Eating disorders like anorexia nervosa and bulimia nervosa are difficult psychiatric disorders. They are especially tragic because, while they may seem like just messed up eating, they are far, far more. Eating disorders have some of the highest rates of death of any psychiatric disease, as malnutrition puts the body at risk.
When we think of eating disorders, though, we tend to think of them from a cultural angle. It’s because our culture is so obsessed with thin, no one can ever be thin enough, and so that must bring out eating disorders. It is true that a culture which glorifies skinny the way ours does tend to bring out more extreme dieting than one that does not. But it is also true that eating disorders are far more than the product of a culture which glorifies the size 0. Reports and descriptions of anorexia, for example, date all the way back to the Greeks, and famous case studies that fully described the disorder date from the 1860’s. There is clearly a genetic component, anorexia in particular runs strongly in families. There is also a potential sex effect, eating disorders are far more common in women than in men.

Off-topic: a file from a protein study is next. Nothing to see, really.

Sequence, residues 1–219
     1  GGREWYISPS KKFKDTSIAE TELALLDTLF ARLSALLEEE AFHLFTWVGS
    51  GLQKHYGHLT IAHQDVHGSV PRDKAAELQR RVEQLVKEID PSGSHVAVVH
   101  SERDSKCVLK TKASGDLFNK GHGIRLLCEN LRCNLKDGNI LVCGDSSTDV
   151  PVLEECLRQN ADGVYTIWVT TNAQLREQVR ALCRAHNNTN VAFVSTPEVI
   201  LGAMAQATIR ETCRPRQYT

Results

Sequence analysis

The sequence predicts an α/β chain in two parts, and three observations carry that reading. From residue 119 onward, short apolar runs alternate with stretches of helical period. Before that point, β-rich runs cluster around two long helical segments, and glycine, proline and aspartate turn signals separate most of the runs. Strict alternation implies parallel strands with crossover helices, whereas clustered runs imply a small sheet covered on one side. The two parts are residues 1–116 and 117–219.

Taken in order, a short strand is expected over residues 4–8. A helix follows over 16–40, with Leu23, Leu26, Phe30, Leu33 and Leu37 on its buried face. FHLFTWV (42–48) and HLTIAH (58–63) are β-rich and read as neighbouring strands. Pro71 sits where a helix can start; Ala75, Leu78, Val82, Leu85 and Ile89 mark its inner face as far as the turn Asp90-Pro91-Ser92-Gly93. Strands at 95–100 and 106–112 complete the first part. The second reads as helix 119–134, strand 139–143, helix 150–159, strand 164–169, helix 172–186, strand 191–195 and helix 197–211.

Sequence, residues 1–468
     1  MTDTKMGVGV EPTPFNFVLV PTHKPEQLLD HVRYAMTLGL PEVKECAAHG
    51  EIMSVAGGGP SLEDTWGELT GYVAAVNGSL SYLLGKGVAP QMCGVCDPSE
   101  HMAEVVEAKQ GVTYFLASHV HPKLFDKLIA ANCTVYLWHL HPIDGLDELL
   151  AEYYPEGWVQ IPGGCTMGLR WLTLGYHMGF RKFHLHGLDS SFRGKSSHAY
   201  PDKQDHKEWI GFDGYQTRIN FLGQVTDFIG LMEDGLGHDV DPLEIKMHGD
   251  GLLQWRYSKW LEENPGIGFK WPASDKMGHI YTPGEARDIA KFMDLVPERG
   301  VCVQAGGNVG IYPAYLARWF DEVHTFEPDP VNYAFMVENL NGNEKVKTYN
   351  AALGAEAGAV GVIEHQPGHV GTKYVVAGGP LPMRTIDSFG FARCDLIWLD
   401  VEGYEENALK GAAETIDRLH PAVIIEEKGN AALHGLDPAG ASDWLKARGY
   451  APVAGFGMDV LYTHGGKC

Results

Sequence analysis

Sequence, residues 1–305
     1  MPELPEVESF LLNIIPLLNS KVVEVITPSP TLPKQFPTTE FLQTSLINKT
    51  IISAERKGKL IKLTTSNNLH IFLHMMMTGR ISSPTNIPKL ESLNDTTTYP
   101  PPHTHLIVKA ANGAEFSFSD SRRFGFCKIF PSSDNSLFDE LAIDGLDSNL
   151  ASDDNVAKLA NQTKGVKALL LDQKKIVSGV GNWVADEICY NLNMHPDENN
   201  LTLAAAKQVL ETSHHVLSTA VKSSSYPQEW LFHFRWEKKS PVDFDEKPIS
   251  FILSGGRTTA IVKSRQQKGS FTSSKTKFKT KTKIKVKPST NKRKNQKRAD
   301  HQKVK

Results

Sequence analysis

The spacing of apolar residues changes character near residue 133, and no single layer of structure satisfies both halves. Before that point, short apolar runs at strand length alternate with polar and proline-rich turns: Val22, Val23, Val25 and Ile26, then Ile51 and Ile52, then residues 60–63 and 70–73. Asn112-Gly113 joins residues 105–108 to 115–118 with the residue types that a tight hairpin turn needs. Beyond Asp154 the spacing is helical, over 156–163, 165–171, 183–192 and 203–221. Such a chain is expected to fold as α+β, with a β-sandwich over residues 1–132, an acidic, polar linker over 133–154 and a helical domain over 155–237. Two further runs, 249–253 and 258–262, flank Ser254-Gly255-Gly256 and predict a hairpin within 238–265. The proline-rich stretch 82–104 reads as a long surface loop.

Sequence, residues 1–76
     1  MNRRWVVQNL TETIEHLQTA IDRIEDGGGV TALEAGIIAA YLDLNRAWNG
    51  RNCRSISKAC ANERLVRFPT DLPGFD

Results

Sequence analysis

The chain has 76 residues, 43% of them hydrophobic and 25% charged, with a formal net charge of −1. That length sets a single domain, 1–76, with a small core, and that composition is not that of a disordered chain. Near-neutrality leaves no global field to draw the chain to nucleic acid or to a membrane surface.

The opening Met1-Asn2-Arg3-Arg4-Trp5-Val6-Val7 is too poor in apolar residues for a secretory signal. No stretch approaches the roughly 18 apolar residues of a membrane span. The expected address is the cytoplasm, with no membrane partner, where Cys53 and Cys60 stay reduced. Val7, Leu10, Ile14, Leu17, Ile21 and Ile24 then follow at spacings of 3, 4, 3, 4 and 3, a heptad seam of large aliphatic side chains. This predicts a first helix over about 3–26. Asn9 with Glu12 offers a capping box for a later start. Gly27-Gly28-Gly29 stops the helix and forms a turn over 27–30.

Eating disorders are a combination disease, a combination of genetic risks and environmental triggers, including things like stress. Unfortunately, it’s been difficult to identify specific genes that predispose people to eating disorders. Studying large populations of people with the disease and find some common genetic variants, for example, but for such a complex disorder that is not dependent on a single gene, many of those will also be present in healthy populations.
Another approach is instead to look at families which have a strong history of eating disorders, to see what common genes are passed down. While this has its own limitations (for example, you then have to look for the occurrence of those genes in the wider population, and being within a single family or two, there are bound to be environmental factors that aren’t present elsewhere), it’s a way to uncover genetic variants that my have previously gone undiscovered. And it means you might, as they did here, uncover two genes that, when screwed up in very precise ways, result in the same eating disorder.
Cui et al. “Eating disorder predisposition is associated with ESRRA and HDAC4 mutations” Journal of Clinical Investigation, 2013.